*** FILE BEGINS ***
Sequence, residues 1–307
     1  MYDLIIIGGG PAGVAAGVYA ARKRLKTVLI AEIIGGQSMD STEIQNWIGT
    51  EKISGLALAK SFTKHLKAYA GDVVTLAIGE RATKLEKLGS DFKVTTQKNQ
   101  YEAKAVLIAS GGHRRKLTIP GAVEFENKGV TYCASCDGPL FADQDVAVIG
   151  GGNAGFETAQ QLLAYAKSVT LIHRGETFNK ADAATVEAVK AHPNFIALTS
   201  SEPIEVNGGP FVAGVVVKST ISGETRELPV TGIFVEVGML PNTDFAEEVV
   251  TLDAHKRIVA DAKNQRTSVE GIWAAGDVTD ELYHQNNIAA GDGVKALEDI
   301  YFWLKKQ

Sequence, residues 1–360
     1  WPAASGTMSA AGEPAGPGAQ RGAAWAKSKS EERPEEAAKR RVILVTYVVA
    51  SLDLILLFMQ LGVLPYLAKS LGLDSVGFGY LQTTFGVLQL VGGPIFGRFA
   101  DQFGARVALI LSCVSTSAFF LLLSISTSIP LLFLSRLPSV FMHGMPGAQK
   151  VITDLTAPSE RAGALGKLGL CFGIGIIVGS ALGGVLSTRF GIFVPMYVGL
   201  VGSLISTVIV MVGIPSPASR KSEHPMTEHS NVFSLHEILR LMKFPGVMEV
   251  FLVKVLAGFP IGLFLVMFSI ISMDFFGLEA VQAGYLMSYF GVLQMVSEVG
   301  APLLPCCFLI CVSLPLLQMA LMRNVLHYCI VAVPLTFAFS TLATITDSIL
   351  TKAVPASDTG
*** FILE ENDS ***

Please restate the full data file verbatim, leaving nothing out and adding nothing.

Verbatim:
Sequence, residues 1–307
     1  MYDLIIIGGG PAGVAAGVYA ARKRLKTVLI AEIIGGQSMD STEIQNWIGT
    51  EKISGLALAK SFTKHLKAYA GDVVTLAIGE RATKLEKLGS DFKVTTQKNQ
   101  YEAKAVLIAS GGHRRKLTIP GAVEFENKGV TYCASCDGPL FADQDVAVIG
   151  GGNAGFETAQ QLLAYAKSVT LIHRGETFNK ADAATVEAVK AHPNFIALTS
   201  SEPIEVNGGP FVAGVVVKST ISGETRELPV TGIFVEVGML PNTDFAEEVV
   251  TLDAHKRIVA DAKNQRTSVE GIWAAGDVTD ELYHQNNIAA GDGVKALEDI
   301  YFWLKKQ

Sequence, residues 1–360
     1  WPAASGTMSA AGEPAGPGAQ RGAAWAKSKS EERPEEAAKR RVILVTYVVA
    51  SLDLILLFMQ LGVLPYLAKS LGLDSVGFGY LQTTFGVLQL VGGPIFGRFA
   101  DQFGARVALI LSCVSTSAFF LLLSISTSIP LLFLSRLPSV FMHGMPGAQK
   151  VITDLTAPSE RAGALGKLGL CFGIGIIVGS ALGGVLSTRF GIFVPMYVGL
   201  VGSLISTVIV MVGIPSPASR KSEHPMTEHS NVFSLHEILR LMKFPGVMEV
   251  FLVKVLAGFP IGLFLVMFSI ISMDFFGLEA VQAGYLMSYF GVLQMVSEVG
   301  APLLPCCFLI CVSLPLLQMA LMRNVLHYCI VAVPLTFAFS TLATITDSIL
   351  TKAVPASDTG